In this constant struggle between Minsk and Moscow, Putin has played his cards better and gradually brought Lukashenka more to heel, for example by import blockades against Belarus goods, particularly dairy products which form a significant part of the nation’s economy. The country has also been forced to cede ownership of energy pipelines. But Putin’s success has not been complete, and the game is not over yet.
Previous Moscow-Belarus Encounters
Some of what happens between Moscow and Belarus seems counter-intuitive, contradictory, or a dislocation of expectations. Often, circumstances arise in which it seems that Lukashenka has a very limited “shelf-life” but nevertheless he goes on to fight another day.
Vladimir Putin and Dmitri Medvedev were earlier on a state visit to Alexander Lukashenka. Raising considerable concerns at the time however, they first met instead, at length with his upcoming deputy, before seeing him – nothing further transpired though – just “stirring” it and raising the temperature.
In another example, in the massive joint exercise “Zapad/West-2017” Minsk contributed considerable numbers of troops. Almost a year before, the Kremlin announced the advanced lease of a vast number of rail cars to transport Russian troops and equipment to Belarus. The only problem was that the numbers of soldiers that could be transported, seemed vastly to exceed the numbers involved in the exercise, causing fears that there might be some sort of coup.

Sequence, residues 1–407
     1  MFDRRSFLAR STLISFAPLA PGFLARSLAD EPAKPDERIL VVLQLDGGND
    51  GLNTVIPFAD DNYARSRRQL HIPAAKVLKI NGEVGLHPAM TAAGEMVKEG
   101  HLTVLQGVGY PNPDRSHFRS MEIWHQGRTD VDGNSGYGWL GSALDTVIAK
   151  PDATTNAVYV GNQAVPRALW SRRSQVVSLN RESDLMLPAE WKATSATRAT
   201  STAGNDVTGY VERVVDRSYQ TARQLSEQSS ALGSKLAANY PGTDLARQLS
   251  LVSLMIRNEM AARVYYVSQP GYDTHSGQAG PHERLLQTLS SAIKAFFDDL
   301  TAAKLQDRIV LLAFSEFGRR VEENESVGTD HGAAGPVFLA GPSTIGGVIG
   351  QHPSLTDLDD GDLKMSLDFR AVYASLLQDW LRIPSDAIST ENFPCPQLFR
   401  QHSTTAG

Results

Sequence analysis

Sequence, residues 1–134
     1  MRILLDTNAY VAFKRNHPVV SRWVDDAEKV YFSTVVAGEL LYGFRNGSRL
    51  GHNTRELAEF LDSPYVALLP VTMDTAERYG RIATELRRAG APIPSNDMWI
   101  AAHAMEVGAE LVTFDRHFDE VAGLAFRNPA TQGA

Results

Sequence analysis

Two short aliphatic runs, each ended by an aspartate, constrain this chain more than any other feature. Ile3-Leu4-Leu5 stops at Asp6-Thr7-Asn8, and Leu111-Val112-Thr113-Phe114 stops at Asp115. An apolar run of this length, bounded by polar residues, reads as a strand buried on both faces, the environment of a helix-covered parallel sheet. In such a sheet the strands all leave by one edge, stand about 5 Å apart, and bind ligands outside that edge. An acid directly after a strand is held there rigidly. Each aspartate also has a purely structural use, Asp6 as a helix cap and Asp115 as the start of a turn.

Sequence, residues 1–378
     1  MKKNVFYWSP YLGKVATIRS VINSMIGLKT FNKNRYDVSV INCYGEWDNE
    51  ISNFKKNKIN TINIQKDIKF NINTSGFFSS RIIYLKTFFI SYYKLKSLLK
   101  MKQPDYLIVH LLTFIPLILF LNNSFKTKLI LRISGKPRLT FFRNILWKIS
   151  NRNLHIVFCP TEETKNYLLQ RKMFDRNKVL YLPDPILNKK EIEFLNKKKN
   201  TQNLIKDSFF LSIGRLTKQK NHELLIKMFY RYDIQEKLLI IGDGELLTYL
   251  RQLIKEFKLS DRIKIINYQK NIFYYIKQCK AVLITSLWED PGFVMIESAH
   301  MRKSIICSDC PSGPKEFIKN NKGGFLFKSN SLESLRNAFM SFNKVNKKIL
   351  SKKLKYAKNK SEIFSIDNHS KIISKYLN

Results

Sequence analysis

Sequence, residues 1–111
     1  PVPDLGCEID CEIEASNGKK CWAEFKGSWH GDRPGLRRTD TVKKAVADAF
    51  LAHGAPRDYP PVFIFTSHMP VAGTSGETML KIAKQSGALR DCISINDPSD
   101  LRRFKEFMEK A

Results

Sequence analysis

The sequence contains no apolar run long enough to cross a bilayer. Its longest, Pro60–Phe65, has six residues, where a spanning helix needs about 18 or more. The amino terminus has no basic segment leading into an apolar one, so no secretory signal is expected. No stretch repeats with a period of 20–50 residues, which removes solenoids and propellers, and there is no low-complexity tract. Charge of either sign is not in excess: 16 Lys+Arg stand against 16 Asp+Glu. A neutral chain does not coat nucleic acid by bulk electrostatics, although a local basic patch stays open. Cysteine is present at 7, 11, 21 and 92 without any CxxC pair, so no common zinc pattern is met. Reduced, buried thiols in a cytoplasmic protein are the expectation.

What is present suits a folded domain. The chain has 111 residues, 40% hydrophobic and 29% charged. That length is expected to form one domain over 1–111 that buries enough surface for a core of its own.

In the end nothing happened.
Despite invitations by Putin to attend the “grand finale” near St. Petersburg, Lukashenka declined and instead stayed with close associates, in a large hunting lodge near the Polish border.
Over the years, Lukashenka has been penalized by the West and international organizations for his lack of reforms, human rights violations, election fraud, and his imposition of the death penalty for “political” crimes. There have also been numbers of murders, disappearances, and kidnapping of Belarus figures.
Minsk and EU
Other deviations from Moscow’s line have been efforts by Minsk to develop closer links with the EU. Whereas it would be impossible for Belarus to join the group without fundamental changes, the EU did not bring forward the matter or foster contacts. Had meaningful dialogue been established it might have encouraged more than cosmetic improvements and might have averted the severity of the current situation.
It was a failure of political communications at the highest level, dominated by the EU’s lofty sentiments rather than the practicalities of defining and confronting problems. Politics is the art of the possible “how matters could be, not how they should be.”
Belarus Election Trends and Condemnation